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Racing industry mulls logistics of ontrack pharmacies
LEXINGTON, Ky. – On the list of policies released Wednesday that Frank Stronach says he will implement at his tracks, the most intriguing – and most controversial – is the notion of creating ontrack pharmacies that will be responsible for buying and dispensing every dose of medication administered to every horse on racetrack grounds.
Some supporters heartily embrace the idea, saying that an ontrack dispensary will bring an end to a practice that many critics of veterinary medicine refer to as “injecting the shed row” – administering a panoply of medications to all of the horses in a trainer’s barn without even inspecting the horse. The supporters also contend that a pharmacy will make it harder for veterinarians and trainers to keep and administer illegal drugs on the racetrack, since any medical substance in a barn or vet truck that wasn’t dispensed by the pharmacy will be prohibited.
While few in racing overtly dismiss the concept, many veterinarians and racing officials said they cannot support the concept without answers to a vast number of questions.
“I’m not sure how one would work, to be honest,” said Dr. Foster Northrup, a Kentucky racetrack veterinarian who is a member of the Kentucky Horse Racing Commission. “I’m not trying to shoot this thing in the foot, but I see a lot of problems, and I have a lot of questions.”
Stronach, who owns Santa Anita, Gulfstream, Golden Gate Fields, Laurel, and Pimlico, among other racing assets, released a statement on Wednesday listing 10 policies his tracks will seek to implement as house rules under the broad heading of “medication reform.” The ontrack pharmacy concept was followed by a rule “prohibiting anyone from having any medications in their possession unless those medications have been properly prescribed for a therapeutic treatment program,” a standard for care and possession that is far more strict than the one currently applied to racetrack veterinary practice in the U.S.
Supporters of an ontrack pharmacy point to Hong Kong, where all medications administered to racehorses require a prescription from a pharmacy owned by the Hong Kong Jockey Club, which regulates every aspect of racing and training in the province.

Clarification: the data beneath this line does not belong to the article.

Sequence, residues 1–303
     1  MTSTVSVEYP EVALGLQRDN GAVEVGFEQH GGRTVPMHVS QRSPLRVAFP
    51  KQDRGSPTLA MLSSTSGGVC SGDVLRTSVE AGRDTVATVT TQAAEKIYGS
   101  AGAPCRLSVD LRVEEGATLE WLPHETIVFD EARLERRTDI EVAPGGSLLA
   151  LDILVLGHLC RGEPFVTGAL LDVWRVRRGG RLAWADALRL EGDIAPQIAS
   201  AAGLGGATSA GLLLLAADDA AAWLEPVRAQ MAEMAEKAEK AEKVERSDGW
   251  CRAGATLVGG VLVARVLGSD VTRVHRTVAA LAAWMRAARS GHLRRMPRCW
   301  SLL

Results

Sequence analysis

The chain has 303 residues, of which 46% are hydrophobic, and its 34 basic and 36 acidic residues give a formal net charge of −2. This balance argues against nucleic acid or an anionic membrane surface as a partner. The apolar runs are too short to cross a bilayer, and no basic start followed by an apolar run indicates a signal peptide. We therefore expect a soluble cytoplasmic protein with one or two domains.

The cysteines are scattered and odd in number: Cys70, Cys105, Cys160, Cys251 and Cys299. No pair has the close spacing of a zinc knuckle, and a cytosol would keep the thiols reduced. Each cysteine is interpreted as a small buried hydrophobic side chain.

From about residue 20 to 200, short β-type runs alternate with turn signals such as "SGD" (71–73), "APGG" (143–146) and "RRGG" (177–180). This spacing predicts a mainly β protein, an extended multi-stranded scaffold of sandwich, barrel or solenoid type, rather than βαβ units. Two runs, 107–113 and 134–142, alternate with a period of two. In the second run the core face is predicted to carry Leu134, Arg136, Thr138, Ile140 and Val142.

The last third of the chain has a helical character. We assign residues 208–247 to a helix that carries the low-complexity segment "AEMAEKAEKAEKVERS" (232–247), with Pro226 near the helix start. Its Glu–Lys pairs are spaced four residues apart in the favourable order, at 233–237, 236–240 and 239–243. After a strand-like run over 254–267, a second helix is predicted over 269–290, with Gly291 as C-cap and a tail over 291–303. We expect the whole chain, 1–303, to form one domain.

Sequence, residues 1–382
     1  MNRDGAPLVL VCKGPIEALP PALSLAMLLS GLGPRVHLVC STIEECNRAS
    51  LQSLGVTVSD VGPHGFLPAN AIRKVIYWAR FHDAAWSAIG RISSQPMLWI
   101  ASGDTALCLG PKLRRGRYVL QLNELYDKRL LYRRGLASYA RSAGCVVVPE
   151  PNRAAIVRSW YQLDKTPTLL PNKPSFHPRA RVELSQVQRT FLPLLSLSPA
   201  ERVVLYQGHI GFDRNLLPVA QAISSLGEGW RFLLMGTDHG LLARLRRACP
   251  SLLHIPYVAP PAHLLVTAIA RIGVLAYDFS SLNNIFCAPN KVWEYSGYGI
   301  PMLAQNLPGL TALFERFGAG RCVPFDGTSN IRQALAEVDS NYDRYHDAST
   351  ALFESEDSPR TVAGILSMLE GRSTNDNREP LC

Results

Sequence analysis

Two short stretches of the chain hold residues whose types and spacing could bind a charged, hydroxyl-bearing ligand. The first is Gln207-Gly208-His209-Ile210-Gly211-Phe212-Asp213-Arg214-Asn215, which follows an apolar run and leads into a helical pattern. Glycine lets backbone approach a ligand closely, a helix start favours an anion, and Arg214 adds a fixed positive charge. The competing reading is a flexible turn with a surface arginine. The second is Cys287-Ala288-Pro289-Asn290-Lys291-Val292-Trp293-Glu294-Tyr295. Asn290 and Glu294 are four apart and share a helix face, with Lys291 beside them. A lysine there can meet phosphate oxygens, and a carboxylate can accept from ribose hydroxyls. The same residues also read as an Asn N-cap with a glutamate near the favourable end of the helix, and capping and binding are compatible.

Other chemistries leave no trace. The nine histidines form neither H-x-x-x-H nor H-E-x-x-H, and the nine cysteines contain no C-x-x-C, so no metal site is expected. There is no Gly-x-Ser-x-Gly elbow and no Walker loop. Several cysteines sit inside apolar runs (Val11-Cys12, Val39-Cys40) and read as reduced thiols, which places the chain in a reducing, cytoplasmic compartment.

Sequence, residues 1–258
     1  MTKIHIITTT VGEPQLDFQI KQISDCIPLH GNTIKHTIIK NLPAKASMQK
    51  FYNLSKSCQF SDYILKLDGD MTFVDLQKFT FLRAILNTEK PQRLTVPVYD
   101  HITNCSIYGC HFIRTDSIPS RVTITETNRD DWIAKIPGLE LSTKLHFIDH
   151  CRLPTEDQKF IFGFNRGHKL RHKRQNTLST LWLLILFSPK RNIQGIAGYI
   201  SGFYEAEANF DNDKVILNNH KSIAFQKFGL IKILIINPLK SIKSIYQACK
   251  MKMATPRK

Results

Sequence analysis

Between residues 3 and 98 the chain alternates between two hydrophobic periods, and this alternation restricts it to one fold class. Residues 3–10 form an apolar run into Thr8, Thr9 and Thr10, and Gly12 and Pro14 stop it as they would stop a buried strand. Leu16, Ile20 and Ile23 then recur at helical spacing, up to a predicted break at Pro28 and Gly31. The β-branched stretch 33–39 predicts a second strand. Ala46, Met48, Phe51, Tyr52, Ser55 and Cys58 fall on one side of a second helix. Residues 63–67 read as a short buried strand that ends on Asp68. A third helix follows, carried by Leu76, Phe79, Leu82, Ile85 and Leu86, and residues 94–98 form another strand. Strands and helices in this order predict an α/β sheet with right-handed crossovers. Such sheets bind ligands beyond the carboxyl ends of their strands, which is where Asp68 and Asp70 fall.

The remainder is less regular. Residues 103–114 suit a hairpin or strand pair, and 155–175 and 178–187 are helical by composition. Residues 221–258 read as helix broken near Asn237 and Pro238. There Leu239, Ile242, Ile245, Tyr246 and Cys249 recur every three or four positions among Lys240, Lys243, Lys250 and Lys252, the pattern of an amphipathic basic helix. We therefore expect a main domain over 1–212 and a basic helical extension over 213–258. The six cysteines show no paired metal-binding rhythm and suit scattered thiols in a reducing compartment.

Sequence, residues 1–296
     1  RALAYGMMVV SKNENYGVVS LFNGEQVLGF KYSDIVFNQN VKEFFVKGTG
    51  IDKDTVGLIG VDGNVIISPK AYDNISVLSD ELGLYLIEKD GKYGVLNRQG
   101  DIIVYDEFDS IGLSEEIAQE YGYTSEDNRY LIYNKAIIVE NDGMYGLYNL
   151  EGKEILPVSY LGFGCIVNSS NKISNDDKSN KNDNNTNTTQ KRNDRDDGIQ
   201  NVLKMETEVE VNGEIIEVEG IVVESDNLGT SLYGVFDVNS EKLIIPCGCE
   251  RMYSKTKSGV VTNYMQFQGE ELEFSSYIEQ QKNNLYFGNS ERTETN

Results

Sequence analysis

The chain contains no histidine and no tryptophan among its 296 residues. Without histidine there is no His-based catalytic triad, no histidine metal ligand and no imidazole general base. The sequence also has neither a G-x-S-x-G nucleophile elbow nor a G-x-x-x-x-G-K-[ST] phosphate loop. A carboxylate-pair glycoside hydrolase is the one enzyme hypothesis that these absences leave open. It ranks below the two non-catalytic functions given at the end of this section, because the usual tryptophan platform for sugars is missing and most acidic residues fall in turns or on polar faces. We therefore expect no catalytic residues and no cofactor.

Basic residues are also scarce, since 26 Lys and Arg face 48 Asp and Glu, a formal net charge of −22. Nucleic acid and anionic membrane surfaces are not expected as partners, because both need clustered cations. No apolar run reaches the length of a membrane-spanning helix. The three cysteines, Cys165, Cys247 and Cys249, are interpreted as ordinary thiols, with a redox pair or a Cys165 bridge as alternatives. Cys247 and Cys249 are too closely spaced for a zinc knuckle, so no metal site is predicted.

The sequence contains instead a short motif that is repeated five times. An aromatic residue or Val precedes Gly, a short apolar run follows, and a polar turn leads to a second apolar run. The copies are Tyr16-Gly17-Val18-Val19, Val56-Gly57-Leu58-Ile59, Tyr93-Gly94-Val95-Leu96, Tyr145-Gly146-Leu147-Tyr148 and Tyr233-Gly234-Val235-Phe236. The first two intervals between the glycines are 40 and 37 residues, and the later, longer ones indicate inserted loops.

But racing in Hong Kong is also different in hugely significant ways from U.S. racing. Most importantly, Hong Kong’s two tracks hold approximately 750 races a year for 1,500 horses. With such a small number of races for such a relatively large population of horses, the Hong Kong Jockey Club can afford to require horses to meet the most stringent physical standards before running.
In addition, the Hong Kong horse population is captive – all horses race and train at Hong Kong Jockey Club facilities. In the U.S., horses ship in from myriad locations on race day, so under the proposed Stronach rules, there would be two standards for care – a veterinarian treating a horse offtrack will not be constrained by the racetrack rule that limits the care a veterinarian can provide to a horse stabled at a Stronach track.
Nevertheless, supporters of an ontrack pharmacy are convinced the idea has benefits. Most importantly, they say, veterinarians will find it much more difficult to administer medications of dubious benefit to a horse on their own say-so, the kind of treatments that run up a vet bill even if they aren’t listed on the bill by name (or the correct date). Many say there is a backstretch culture where some trainers seem to be experimenting on race day with compounded substances that have absolutely no active, illegal, or even helpful ingredients.
Under the Stronach rules, those compounded substances couldn’t be prescribed, so a search of a barn or truck that turned up any unauthorized substance would result in an immediate penalty. To issue a penalty under existing rules for those types of substances – which won’t test positive – the veterinarian or trainer usually has to be caught in the act of administering the substance, which requires an especially alert or lucky backstretch security staff.
Also, supporters contend that an ontrack pharmacy would lead to a significant reduction in the routine medicating of horses without an accompanying diagnosis. For example, in the past two years reports have surfaced that all or most of the horses in the barns of Bob Baffert and Steve Asmussen, two leading trainers, were at one time receiving regular doses of the drug thyrozine, which is supposed to treat extremely rare thyroid conditions.
Dr. Jeff Blea, a California racetrack practitioner who was part of a group that studied the creation of an ontrack pharmacy in the state several years ago, said he remains open-minded about an ontrack pharmacy despite questions about the logistics. In large part, he said, if vets had to justify their prescriptions through a controlled pharmacy, they’d cut out a lot of the automatic yet extraneous treatments.